So Mark, who happens to be a friend on my Facebook, responds to my status and says something like, "that would make a good sleeping porch for homeless people."
I didn't really want to hear that, to be honest with you. I was enjoying my porch and the nice table and chairs that were on it. During the fall and winter in Florida, it is a wonderful place to sit, relax, wax theological... you know. Then Mark had to go and be all prophetic and make me feel....excessive.
So then not even two or three weeks after Mark's prophetic calling out of my crap, James showed up in my life.
James has a bit of a drinking problem on top of being homeless. I am pretty sure that the first caused the last. James showed up early one Sunday morning before church. I was at my office preparing for a day of pastoring and preaching. I didn't have time to deal with James, but there he was on my doorstop, wanting some money to get something to eat. I gave him five bucks and some cookies that we had in the office. We had food to give out to needy folk, but James had no can opener or stove, so his culinary choices were limited.
That afternoon when I showed up to drop my kid off at youth group, it was raining. James was hanging out in front of my office. He was soaked. He told me that he'd been living in the woods outside of the church. The forecast was for cold, heavy rain. And that's when I thought of what Mark had put on my facebook and I cursed him a little for it right then. So, I told James he could sleep on the porch, and I went home and got him clothes, my 20-degree sleeping bag, and some food. That was over two weeks ago.
The other day James asked me if I would give him $200 to pay his child support. I told him I couldn't float him that kind of cash, but asked if there was something else that I could do. He seemed pretty stuck on the $200, though, or a week at a hotel. I had stopped giving him more than 5 or 10 bucks at a time pretty early on in our relationship. I made the mistake of giving him almost $50 one day, and he showed up to the church that afternoon looking for me, and he was so drunk he could hardly stand. I decided then that I would sort of try to help James help himself.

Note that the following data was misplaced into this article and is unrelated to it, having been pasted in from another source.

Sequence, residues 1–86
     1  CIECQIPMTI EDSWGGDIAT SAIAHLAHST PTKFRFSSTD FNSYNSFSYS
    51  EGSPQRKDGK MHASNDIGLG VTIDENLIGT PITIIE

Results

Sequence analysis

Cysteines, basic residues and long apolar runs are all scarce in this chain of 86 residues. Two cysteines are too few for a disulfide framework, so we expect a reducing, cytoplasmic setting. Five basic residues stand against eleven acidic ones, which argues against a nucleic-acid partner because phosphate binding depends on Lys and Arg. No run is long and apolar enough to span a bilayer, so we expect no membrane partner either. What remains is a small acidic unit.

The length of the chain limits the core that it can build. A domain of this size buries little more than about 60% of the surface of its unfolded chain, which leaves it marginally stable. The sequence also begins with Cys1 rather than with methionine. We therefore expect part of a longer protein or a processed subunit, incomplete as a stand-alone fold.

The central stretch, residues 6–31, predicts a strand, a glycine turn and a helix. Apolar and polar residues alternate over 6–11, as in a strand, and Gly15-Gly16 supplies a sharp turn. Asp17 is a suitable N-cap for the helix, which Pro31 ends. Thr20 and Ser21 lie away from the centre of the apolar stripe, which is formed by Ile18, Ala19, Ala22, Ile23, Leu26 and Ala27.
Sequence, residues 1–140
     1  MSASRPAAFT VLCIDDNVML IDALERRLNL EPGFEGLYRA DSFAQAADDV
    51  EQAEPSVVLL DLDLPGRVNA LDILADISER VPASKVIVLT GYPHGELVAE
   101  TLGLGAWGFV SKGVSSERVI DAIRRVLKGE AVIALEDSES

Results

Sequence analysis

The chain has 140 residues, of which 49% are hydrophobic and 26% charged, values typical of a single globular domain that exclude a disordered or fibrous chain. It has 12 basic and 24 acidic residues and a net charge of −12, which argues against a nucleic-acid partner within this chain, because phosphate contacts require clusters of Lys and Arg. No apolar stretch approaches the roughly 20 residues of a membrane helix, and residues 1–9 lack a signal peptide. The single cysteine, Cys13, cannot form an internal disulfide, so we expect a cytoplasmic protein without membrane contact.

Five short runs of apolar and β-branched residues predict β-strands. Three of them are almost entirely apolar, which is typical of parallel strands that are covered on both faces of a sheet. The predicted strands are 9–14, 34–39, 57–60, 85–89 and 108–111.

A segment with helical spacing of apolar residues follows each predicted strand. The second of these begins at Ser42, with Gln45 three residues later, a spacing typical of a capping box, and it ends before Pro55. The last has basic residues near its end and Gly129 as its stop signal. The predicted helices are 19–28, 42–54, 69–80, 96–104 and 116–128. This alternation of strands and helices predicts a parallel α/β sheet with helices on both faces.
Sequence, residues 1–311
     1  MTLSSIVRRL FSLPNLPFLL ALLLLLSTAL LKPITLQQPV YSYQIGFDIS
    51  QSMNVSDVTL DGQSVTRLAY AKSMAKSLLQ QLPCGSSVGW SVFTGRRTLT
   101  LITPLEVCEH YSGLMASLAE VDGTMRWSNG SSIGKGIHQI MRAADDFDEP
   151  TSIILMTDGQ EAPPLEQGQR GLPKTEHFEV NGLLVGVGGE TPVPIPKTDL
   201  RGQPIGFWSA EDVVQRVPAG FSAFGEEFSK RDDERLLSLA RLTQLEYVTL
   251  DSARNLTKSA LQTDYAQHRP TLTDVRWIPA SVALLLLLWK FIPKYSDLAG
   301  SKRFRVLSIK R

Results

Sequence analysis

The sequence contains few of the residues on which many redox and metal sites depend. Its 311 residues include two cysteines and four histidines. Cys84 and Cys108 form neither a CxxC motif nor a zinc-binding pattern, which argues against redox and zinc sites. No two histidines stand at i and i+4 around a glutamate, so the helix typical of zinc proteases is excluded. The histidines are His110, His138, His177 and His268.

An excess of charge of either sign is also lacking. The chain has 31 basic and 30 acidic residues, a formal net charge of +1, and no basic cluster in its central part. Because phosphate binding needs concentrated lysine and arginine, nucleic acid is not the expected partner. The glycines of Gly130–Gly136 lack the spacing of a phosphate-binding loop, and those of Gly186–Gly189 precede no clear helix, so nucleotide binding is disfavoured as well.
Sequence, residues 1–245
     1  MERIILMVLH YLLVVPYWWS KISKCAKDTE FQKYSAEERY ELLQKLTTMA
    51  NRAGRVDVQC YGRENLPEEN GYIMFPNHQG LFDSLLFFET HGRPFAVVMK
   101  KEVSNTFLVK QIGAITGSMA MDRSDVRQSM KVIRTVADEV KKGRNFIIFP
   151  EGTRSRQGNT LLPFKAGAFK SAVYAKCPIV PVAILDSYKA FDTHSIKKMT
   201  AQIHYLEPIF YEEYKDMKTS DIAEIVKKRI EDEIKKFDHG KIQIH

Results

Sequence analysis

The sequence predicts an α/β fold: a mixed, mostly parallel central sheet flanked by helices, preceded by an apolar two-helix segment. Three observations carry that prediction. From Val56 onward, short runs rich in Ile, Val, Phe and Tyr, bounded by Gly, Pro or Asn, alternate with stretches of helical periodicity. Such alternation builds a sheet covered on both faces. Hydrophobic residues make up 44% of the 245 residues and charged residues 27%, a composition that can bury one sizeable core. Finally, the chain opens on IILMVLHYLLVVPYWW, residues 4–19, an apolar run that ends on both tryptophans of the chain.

But on the day in question he wouldn't get off of the child support assistance. Finally, out of desparation, I said, "Could you use a bike? You seem to have a hard time getting around." He told me that a bike would be just fine. Then for the next two days he called me almost constantly throughout the day asking me if I had gotten his bike yet. I had been looking in thrift stores, and cruised neighborhoods surrounding the church looking for bikes that were for sale. The last thing was kind of creepy and people looked at me funny as I drove slowly through the neighborhood, so I stopped.
I finally made it to a thrift store not too far away from the church, and found a bike for $50. It was a bit more than I wanted to spend, but I was at the end of my rope, and I didn't want to get arrested for trolling the neighborhood. I got to my car and opened the trunk only to quickly realize that there was no way that I was going to stuff the bike into it. At that moment a lady pulled up next to me with a bike rack on her car. She got out, and surveyed the scene. You can see where this is going.
"You're not going to fit that into your car, are you?" she said. I agreed. She asked me where I was taking it and I told her. I also told her what it was for just to sort of sweeten the deal. Needless to say, she toted the bike over to the church for me, and I put it on the porch for James. The implications of that whole exchange and the arrival of the woman with a bike rack are still sinking in even as I write this.